Do you have a grandchild who is always on the go, so much so that you are becoming frazzled trying to keep up? If so, don’t be too hasty blaming your age. The problem could be primarily not with you, but with your grandchild.
The good news is that hyperactivity, frequently accompanied by another behavior disorder called attention deficit, is a treatable condition. But first, you need to know more about what the broad spectrum of behavior known as attention-deficit/hyperactive disorder (ADHD) entails and how to recognize it.
Please remember that nothing in this article should be considered medical advice. Every situation is different, so, please consult your doctor if you are concerned about your grandchild’s hyperactivity.
Attention-deficit/hyperactivity disorder (ADHD) is a widely written about, but often misunderstood, chronic condition with varied symptoms. ADHD is far more common than many people realize; millions of children may be affected by it.
Most children diagnosed with ADHD exhibit a combination of both inattention and hyperactive, impulsive behavior. However, many children have more pronounced symptoms in one category. The signs and symptoms of ADHD typically become apparent in the course of activities requiring focused mental effort.
Usually the symptoms appear before age 7, but in some cases, they can start in infancy. According to the Mayo Clinic, the following are the signs and symptoms of the hyperactive, impulsive behavior component of the disorder.
Hyperactivity occurs in both boys and girls. However, boys tend to be more unruly and overtly disruptive, so their troublesome behavior is more conspicuous and more readily diagnosed.
Of course, all children are prone to hyperactivity at one time or another. Especially, if they ingest a lot of sugary junk food like too much candy and soda pop, they might become overexcited and jittery. This is not ADHD. However, you should try to monitor your grandchild’s diet, at least while in your presence, and discourage unhealthy snacking. Of course, setting a good example, by keeping and serving healthy foods in your own home and eating sensibly yourself will help your grandchildren build good nutritional habits, too.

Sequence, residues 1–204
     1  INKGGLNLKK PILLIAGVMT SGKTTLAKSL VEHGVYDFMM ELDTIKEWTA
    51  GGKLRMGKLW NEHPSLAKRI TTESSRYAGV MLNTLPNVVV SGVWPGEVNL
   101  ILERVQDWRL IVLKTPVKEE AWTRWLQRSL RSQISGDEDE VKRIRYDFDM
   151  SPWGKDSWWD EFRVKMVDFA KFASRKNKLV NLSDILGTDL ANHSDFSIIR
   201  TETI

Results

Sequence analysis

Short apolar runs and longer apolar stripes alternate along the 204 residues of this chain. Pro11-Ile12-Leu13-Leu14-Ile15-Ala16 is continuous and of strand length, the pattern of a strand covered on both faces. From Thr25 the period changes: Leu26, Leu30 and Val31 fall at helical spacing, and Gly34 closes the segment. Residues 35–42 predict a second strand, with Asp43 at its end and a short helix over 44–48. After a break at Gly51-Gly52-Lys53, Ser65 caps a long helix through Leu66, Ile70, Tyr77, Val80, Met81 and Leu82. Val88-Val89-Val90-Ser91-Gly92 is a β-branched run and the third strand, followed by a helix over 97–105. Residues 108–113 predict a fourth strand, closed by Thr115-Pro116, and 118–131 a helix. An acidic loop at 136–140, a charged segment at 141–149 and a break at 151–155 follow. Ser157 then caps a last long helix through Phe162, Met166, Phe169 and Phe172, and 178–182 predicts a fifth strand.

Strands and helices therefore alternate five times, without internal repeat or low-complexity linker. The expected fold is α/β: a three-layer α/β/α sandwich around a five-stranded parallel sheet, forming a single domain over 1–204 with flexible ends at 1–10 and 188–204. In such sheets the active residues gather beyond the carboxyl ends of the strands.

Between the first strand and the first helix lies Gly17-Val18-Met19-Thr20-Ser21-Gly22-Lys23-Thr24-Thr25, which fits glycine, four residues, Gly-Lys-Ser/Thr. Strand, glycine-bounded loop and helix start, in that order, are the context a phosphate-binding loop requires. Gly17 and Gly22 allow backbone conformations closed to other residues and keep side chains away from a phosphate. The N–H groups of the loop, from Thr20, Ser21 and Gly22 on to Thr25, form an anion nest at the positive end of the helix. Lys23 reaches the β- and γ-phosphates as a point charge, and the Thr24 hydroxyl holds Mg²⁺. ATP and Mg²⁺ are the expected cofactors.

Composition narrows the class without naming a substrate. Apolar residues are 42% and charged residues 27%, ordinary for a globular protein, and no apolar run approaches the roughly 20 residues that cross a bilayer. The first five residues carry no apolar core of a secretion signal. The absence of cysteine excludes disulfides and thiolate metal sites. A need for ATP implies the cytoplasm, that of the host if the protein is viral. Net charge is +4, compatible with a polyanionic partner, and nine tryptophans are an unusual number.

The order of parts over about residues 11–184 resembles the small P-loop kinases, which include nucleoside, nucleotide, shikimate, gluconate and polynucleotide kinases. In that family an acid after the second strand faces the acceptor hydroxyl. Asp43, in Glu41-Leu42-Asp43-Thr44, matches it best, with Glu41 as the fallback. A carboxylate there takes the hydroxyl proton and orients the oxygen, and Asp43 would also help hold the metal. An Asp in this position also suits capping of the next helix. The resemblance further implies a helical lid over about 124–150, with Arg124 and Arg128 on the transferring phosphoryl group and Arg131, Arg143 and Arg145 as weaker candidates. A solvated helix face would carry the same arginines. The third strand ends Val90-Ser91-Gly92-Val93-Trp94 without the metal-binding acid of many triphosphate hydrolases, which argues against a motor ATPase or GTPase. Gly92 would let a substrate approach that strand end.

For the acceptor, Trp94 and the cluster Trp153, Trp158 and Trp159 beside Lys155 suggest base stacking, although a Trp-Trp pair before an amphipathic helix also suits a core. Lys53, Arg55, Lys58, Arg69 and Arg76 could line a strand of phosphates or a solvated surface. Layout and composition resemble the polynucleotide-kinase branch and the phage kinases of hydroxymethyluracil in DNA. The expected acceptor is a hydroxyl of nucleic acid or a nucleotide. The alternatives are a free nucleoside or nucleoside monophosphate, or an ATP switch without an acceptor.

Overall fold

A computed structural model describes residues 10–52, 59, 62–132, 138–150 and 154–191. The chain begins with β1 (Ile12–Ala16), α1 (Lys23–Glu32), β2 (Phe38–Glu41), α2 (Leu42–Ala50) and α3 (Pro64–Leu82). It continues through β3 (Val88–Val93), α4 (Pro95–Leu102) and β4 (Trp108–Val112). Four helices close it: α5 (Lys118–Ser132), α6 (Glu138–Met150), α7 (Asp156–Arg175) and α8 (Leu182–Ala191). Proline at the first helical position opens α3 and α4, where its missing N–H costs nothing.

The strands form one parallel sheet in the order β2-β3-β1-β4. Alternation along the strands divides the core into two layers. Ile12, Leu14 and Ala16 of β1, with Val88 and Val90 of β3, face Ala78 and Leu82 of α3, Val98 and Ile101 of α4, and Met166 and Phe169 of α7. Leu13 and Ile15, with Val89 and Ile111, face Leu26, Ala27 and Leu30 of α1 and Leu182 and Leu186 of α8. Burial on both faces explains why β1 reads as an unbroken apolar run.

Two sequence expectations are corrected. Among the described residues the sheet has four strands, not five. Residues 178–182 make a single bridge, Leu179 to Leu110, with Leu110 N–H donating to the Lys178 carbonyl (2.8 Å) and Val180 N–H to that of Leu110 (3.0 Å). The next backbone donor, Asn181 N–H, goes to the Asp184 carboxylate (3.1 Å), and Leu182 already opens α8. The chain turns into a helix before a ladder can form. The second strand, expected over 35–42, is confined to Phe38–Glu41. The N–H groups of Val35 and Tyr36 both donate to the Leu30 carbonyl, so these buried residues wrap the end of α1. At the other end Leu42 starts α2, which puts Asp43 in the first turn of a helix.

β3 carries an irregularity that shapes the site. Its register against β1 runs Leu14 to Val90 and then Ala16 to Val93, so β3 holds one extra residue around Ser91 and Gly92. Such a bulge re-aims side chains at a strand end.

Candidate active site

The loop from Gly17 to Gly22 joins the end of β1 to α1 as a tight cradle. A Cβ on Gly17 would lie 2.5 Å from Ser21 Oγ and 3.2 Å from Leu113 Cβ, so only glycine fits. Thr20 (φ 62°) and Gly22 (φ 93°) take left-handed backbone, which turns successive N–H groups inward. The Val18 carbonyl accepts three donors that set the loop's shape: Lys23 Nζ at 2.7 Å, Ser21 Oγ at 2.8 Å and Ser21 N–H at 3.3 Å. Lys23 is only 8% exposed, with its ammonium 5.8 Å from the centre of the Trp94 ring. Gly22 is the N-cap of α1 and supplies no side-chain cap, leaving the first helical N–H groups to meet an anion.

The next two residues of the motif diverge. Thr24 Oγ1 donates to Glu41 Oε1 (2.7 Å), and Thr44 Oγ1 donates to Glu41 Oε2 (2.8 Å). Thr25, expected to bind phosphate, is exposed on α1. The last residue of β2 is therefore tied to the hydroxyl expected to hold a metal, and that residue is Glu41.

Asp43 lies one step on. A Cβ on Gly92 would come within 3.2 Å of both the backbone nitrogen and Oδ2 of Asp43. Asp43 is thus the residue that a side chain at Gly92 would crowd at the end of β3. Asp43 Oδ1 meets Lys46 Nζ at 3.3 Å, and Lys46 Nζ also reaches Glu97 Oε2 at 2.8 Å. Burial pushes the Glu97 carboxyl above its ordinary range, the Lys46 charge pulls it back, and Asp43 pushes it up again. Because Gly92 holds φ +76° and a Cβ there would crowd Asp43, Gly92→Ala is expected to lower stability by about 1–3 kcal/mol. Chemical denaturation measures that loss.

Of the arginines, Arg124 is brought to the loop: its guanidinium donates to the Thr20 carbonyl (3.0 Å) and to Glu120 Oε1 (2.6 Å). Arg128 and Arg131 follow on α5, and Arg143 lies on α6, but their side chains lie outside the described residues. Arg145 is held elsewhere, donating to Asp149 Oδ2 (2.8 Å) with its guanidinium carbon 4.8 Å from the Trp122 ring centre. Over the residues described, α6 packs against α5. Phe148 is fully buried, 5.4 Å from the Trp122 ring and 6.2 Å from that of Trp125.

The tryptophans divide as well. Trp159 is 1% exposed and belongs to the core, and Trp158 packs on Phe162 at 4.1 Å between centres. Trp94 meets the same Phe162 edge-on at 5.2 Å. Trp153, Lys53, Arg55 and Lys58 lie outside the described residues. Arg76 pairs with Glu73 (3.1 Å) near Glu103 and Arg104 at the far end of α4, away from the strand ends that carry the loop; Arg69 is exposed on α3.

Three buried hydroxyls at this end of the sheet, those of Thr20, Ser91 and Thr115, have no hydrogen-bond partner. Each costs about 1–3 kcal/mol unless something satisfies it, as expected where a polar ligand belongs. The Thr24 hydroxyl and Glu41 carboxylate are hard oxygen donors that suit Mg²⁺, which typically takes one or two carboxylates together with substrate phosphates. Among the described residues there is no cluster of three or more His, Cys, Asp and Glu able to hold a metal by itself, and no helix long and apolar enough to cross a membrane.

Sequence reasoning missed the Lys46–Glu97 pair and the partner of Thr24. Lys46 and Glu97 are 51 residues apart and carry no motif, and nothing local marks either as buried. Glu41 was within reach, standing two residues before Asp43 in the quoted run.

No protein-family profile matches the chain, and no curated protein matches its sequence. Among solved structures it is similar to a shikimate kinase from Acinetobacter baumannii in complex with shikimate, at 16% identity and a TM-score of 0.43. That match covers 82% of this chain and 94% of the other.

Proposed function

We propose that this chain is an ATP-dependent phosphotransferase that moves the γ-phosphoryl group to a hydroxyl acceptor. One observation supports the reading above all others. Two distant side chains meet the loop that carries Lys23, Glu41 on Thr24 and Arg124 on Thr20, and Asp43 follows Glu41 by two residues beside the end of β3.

Children who display multiple forms of hyperactivity repeatedly and chronically should be professionally evaluated. A good place to start is with the children’s family doctor or pediatrician, who may, in turn, refer the child to a specialist.
Prescribed treatment is aimed at controlling symptoms, rather than curing the illness and typically includes psychotherapy and/or medication. Regular follow up visits with the prescribing doctor are also important.
Depending on the severity of symptoms, a special individualized education program (IEP) may be advisable.
Each case is different, so if you are concerned, talk to or have the parents talk to the child’s teacher and guidance counselor. You also have the right to request a formal evaluation to determine IEP eligibility.
If your grandchild is found eligible for special education services, there is a good chance that he or she can still remain in the same school and possibly even in the same classroom. The emphasis today is on mainstreaming, not isolating children with special needs, but helping them integrate better into the regular classroom setting and everyday social situations.
Dealing with a hyperactive child isn’t easy, but you can make your home a comfortable and child friendly, but also clean and orderly environment. An overload of stimulation, with toys and games haphazardly strewn all over the place, is no better than having nothing at all to do.
If any toys and games are broken or missing parts, or are too advanced for your grandchild, get them out of the way so they don’t become an unnecessary source of confusion and frustration. Patience on your part goes a long way as your grandchild may need to try several different activities before finally settling down on one.
Lastly, keep in mind that the special needs of a hyperactive child could be very taxing on the child’s parents. So anything you can do to help out, even if it’s only occasionally, not only makes you feel useful, but gives the parents a little respite, too. And, of course the child benefits immeasurably from having more quality time with Grandma or Grandpa. So it’s a win-win solution for everybody.
I would love to hear what you think of these ideas or if you have additional suggestions. What works with your grandchildren might work with others, so you are all invited and encouraged to share your experiences.
Do you have a hyperactive child in your family? What techniques have you used to make the situation more manageable? What other grandparenting tips would you offer to the other members of our community? Feel free to add your thoughts in the comments section below.
Disclaimer: This article is for informational purposes only. Consult a doctor before doing anything described in this article.
Watch my interview with Barbara Nathan for more tips on how to deal with hyperactive kids in your family.